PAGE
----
• "Well, hang me, Jack, if you aren't crying! Then you thought more of me than _elieved; a man's tears mean more than a woman's… . A man must die, and wha_s a year or two? How much better to fold the tent when living become_asteless and the cup is full of lees! … The Prince was a trifle cruel; bu_erhaps his hand trembled, too. Innkeeper, you're a good fellow."
  • "Herr is a man of heart," said the grizzled veteran, sadly.
  • "Tell Jack how it happened," said Dan; "it hurts me."
  • On leaving me, Hillars and the innkeeper, after having taken a pair o_istols, had mounted the cavalry horses despite the protests of the owners, and had galloped away in pursuit of the Prince and Count von Walden. The_aught sight of them a mile or so ahead. They were loping along at a fai_peed. It took half an hour to bring the two parties within speaking distance.
  • Although the Prince and von Walden heard them, they never turned around, bu_ept on straight ahead. This made Hillars' choler rise, and he spurre_orward.
  • "One moment, gentlemen," he cried. "I have a word with you."
  • They galloped on unheeding. When Hillars got in front of them they merel_eered to either side.
  • "Ah!" said Hillars, choking with rage. With a quick movement he bent an_aught the bridle of the Prince's horse. The Count, seeing that the Prince wa_ompelled to rein in, did likewise. The Prince looked disdainful.
  • "Well, what is it?" asked Von Walden. "Speak quickly. Has your scribblin_riend run away with Her Highness?"
  • "My remarks, most noble and puissant Count," said Hillars, bowing, satirically, to the neck of his horse, "I shall confine to the still mor_oble and puissant Prince of Wortumborg."
  • "This is an unappreciated honor," sneered the Prince.
  • "So it is," replied Hillars, lightly. "When an honest man speaks to you he i_onferring an honor upon you which you, as you say, cannot appreciate. I_ppears to me that Your Highness has what we in America call malaria. _ropose to put a hole through you and let out this bad substance. Lead, properly used, is a great curative. Sir, your presence on this beautiful worl_s an eyesore to me."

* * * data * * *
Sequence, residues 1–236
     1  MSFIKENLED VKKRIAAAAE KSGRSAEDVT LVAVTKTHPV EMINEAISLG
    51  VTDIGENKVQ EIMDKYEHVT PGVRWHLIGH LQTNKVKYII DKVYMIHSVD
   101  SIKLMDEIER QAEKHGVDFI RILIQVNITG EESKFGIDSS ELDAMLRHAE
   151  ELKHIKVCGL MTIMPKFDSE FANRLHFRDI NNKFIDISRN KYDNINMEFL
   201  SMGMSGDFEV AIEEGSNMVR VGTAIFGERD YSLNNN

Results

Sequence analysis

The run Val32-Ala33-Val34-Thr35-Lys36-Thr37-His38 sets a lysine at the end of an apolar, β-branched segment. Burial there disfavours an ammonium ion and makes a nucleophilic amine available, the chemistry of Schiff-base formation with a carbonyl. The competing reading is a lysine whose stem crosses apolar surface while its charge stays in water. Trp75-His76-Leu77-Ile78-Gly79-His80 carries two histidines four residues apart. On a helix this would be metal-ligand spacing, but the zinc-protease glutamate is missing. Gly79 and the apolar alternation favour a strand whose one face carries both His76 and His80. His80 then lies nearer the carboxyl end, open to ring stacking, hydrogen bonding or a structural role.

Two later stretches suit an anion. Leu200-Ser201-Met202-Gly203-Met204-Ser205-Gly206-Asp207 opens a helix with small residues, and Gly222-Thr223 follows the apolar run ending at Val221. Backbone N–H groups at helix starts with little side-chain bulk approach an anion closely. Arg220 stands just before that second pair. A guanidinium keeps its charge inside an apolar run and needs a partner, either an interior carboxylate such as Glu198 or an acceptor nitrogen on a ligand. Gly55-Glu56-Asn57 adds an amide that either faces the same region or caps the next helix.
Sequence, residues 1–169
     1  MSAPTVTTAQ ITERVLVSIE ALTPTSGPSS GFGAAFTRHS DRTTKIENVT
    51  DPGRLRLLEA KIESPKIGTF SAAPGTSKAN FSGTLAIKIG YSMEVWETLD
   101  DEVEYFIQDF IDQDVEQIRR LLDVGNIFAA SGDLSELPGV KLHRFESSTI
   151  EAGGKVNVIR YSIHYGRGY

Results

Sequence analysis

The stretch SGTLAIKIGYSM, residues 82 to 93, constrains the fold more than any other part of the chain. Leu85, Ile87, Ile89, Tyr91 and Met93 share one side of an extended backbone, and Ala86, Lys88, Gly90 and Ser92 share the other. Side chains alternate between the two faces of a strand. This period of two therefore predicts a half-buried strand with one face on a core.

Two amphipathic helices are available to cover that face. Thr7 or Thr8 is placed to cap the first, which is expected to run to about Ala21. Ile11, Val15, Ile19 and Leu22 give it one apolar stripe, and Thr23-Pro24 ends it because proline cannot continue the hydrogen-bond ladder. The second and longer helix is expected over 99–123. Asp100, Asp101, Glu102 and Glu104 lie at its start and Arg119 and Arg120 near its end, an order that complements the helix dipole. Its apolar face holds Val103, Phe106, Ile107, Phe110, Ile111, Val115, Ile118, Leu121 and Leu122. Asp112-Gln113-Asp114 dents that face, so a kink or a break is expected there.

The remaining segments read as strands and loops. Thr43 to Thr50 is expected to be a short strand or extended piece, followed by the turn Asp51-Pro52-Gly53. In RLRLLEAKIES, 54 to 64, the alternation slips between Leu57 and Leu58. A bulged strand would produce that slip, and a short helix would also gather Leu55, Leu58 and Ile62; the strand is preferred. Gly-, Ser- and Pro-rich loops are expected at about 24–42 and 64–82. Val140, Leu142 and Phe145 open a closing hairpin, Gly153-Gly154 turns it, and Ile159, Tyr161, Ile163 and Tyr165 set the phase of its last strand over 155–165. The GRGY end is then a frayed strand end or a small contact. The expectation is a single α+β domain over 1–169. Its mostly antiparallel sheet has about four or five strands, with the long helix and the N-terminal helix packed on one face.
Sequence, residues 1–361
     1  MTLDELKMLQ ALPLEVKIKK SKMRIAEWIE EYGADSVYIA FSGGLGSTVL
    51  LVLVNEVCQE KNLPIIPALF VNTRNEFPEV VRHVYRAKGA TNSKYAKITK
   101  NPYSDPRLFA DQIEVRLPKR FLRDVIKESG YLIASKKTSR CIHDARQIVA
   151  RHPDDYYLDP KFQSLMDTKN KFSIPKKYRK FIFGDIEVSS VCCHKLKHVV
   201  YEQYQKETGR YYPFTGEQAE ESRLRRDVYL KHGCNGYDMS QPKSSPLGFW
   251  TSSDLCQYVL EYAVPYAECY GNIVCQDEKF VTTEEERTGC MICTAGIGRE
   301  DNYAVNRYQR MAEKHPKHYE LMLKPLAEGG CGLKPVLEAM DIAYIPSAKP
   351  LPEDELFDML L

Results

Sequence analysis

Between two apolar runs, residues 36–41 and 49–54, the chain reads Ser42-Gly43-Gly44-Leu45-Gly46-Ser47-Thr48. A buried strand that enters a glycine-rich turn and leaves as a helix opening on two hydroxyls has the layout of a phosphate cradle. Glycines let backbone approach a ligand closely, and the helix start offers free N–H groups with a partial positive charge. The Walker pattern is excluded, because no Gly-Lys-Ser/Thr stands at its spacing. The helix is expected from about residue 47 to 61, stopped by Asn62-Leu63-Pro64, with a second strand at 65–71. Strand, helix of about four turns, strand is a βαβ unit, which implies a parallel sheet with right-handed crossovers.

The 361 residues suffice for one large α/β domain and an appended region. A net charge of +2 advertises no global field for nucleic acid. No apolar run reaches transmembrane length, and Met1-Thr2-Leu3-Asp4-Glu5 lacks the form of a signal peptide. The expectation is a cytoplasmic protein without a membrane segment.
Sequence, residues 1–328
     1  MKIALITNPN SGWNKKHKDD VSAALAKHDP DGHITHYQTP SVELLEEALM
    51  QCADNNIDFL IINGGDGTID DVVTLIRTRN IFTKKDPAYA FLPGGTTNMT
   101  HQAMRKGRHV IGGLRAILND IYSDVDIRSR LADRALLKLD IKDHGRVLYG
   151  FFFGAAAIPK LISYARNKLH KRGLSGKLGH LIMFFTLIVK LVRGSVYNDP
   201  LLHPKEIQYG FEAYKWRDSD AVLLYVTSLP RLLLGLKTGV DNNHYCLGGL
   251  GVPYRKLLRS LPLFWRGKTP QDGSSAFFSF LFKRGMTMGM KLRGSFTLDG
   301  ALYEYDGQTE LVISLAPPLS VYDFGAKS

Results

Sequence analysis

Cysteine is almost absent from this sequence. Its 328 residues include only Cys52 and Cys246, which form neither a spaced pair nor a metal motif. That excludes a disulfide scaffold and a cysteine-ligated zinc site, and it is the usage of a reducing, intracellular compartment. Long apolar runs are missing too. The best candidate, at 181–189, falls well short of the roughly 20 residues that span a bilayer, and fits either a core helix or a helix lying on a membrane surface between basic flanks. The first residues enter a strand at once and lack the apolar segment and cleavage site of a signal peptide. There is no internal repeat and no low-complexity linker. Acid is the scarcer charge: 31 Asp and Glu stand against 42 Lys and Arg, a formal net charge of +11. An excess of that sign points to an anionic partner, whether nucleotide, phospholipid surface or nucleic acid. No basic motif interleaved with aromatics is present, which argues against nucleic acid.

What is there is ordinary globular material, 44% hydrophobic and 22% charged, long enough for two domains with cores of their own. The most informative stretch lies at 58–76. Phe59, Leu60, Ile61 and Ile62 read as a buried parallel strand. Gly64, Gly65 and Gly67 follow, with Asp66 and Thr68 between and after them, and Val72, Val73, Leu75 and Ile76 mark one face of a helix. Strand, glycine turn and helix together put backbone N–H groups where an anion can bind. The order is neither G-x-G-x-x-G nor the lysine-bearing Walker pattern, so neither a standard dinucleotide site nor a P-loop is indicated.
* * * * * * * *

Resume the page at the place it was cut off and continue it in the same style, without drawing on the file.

• "One excuse is as good as another," said the Prince. "Did Her Highnes_elegate you to put me out of the way?"
  • "Oh, no; but since you have brought her name into it, I confess that it is o_er account. Well, sir, no man has ever insulted a woman in my presence an_one unscathed. In English speaking lands we knock him down. This being Rome _hall do as the Romans do. I believe I called you a liar; I will do so again.
  • Is the object of my errand plain?"
  • "As I said to your friend," smiled the Prince, "I will send a lackey down her_o take care of you. Count, we shall hardly get to the station in time t_atch the train. Young man, stand aside; you annoy me, I have no time t_iscuss the Princess or her lovers. Release my horse!"
  • "What a damned cur you are!" cried Hillars, losing his airy tone. "By God, yo_ill fight me, if I have to knock you down and spit upon you!" Then with ful_orce he flung his hat into the face of the Prince.
  • "You have written finis to your tale," said the Prince, dismounting.
  • "Your Highness!" exclaimed the Count, springing to the ground, "this must no_e. You shall not risk your life at the hands of this damned adventurer."
  • "Patience, Count," said the Prince, shaking off the hand which the Count ha_laced upon his shoulder. "Decidedly, this fellow is worth consideration.
  • Since we have no swords, sir, and they seem to be woman's weapons these days, we will use pistols. Of course, you have come prepared. It is a fine time fo_hooting. This first light of twilight gives us equal advantage. Will it be a_en or twenty paces? I dare say, if we stand at twenty, in the centre of th_oad, we shall have a good look at each other before we separat_ndefinitely."